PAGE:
Relative paths and Rust 2018 `use` statements


#25

https://play.rust-lang.org/?gist=6e5f8853be72022de6164991b3e867a5&version=stable&mode=debug&edition=2015

We shouldn’t break that. And I don’t see any reason why we’d need to. This proposal can easily preserve that.

(Or perhaps we’re using “today” differently. Are you talking about the 2018 edition preview, rather than current stable Rust? If we’ve broken that in the 2018 edition preview, all the more reason to fix it before we ship.)


#26

I think it’s pretty unfortunate that we can’t make use inscopename::foo work, because I find @josh’s mental model here very appealing.


#27

That happens to work in the root module, but not other modules. We are already breaking that in Rust 2018 anyhow, where you must write use crate::Foo instead (or use self::Foo). =)


#28

So… I’m sorry to be the one to say this but…

2018-08-02: Edition preview 2
2018-09-13: Edition release candidate (RC)
2018-10-25: Edition release

Changes discussed here sound nice to me, but don’t forget about the time pressure we’re under. :slight_smile:

I’d like to hear from @nikomatsakis about the time this will take and impending deadlines…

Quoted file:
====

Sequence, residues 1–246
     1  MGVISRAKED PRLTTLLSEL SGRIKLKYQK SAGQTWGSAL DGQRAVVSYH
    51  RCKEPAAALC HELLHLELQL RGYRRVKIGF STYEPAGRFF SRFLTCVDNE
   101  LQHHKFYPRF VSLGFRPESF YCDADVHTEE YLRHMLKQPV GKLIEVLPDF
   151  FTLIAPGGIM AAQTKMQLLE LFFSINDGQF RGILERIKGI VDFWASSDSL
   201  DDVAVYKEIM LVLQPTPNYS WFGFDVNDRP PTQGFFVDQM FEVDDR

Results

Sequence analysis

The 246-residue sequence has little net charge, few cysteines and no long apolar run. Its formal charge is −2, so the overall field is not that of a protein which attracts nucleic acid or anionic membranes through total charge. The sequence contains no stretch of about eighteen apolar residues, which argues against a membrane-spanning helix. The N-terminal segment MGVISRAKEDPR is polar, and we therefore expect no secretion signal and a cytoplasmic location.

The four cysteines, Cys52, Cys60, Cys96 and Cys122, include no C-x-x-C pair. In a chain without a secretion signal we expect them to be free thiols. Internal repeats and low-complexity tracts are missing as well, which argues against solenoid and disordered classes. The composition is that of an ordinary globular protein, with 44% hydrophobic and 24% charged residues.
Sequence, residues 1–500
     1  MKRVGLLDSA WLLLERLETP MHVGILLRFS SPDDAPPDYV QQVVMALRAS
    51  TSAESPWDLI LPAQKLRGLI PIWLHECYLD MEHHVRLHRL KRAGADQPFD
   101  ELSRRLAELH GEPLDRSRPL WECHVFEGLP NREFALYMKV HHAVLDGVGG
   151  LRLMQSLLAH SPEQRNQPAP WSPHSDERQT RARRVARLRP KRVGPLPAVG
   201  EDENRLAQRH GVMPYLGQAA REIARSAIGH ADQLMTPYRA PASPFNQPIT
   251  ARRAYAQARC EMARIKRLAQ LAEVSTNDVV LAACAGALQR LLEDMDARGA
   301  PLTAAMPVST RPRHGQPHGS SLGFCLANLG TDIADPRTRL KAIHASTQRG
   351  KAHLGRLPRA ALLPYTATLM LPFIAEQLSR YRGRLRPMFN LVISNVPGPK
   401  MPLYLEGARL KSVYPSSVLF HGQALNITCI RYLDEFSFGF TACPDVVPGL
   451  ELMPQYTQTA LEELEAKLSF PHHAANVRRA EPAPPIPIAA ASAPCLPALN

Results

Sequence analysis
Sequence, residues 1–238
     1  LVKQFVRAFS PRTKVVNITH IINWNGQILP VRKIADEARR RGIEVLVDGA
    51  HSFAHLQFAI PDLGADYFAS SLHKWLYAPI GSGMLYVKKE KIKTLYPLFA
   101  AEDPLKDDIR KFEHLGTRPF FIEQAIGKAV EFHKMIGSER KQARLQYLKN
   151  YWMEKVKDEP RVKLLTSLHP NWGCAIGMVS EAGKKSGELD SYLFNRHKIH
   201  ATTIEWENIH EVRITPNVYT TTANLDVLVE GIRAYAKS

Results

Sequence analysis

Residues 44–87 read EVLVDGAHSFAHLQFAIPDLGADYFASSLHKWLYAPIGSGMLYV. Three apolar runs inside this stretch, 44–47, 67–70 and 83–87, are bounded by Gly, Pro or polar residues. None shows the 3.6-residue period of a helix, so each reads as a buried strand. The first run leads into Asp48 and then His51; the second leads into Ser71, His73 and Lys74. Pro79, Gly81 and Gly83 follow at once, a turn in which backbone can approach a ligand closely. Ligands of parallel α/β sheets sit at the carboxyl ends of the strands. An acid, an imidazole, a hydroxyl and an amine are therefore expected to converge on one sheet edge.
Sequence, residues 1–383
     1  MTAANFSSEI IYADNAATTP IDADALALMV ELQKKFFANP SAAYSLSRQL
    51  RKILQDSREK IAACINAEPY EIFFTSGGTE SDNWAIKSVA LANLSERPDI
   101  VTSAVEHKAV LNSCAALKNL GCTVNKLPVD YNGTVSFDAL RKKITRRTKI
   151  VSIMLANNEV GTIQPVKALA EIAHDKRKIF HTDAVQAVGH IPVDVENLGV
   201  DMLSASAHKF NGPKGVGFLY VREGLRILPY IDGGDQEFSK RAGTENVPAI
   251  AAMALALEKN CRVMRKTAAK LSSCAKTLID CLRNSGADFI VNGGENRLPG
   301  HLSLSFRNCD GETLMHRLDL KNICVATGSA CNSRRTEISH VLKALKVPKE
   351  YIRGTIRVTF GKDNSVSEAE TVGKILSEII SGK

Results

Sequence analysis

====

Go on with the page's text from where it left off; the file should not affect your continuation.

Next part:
#29

Overall, I really like this idea!

I am a bit worried by the enum problem: the proposal increases uniformity in the common case, but it also creates more special cases.

For locality, I think we can use code style to gain it back!

I think most people, myself included, write extern crate, use and mods in this order:

extern crate foo;

use bar::baz;

mod quux;

and then struggle with putting use self::quux::Spam either with other uses, or with mod quux; Just today I’ve found out that there’s in fact an alternative style of putting mods before usees:

extern crate foo;

mod quux;

use bar::baz;
use self::quux::Spam;

I personally find this style much better (although I’ve been using the opposite one for several years!), and, with this proposal, it’ll actually provide locality as well because, typically, you’ll only need to scan a small mod section before uses.


#30

I see.

Given the proposal under discussion here, which specifically changes name resolution in use to start from the local module, it’d be consistent to make enum Enum { ... } use Enum::*; work no matter what module you’re in. Is there some obvious reason we can’t do that?


#31

One day I hope to fix that by no longer having to write mod quux; at all, but I have no intention of mixing that with this proposal. :slight_smile:


#32

I don’t think it’s any harder to support enums than it is to support modules (I have concerns about path that I cited here). I just thought you explicitly didn’t want that, since @aturon wrote:

Note the “not any other declaration” part.


#33

Indeed, the idea of making any changes here makes me very nervous. I think it’s better to think about this as a “post edition” sort of change.


Concerned about Rust 2018 stability
#34

This exploration is coming from feedback from people attempting to use the preview, so I think the process is working ok. There is, of course, a very high bar to making changes at this point.

As a daily user of the preview, I messed up use EnumType::* 100% of the time at first until the compiler reminded me to insert the self::* so that’s one data point.